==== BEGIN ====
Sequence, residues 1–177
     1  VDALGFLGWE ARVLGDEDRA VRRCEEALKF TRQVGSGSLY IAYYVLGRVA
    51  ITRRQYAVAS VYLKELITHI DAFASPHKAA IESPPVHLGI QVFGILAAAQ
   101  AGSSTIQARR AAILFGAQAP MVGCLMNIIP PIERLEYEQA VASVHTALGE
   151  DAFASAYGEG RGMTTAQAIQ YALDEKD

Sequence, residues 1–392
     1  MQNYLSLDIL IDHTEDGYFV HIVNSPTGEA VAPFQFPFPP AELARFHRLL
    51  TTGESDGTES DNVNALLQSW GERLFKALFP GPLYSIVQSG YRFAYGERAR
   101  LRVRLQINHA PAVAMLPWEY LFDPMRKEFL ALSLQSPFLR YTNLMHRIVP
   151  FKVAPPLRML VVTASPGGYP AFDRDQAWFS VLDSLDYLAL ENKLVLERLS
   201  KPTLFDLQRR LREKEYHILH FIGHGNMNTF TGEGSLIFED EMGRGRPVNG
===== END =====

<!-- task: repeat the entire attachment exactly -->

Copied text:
Sequence, residues 1–177
     1  VDALGFLGWE ARVLGDEDRA VRRCEEALKF TRQVGSGSLY IAYYVLGRVA
    51  ITRRQYAVAS VYLKELITHI DAFASPHKAA IESPPVHLGI QVFGILAAAQ
   101  AGSSTIQARR AAILFGAQAP MVGCLMNIIP PIERLEYEQA VASVHTALGE
   151  DAFASAYGEG RGMTTAQAIQ YALDEKD

Sequence, residues 1–392
     1  MQNYLSLDIL IDHTEDGYFV HIVNSPTGEA VAPFQFPFPP AELARFHRLL
    51  TTGESDGTES DNVNALLQSW GERLFKALFP GPLYSIVQSG YRFAYGERAR
   101  LRVRLQINHA PAVAMLPWEY LFDPMRKEFL ALSLQSPFLR YTNLMHRIVP
   151  FKVAPPLRML VVTASPGGYP AFDRDQAWFS VLDSLDYLAL ENKLVLERLS
   201  KPTLFDLQRR LREKEYHILH FIGHGNMNTF TGEGSLIFED EMGRGRPVNG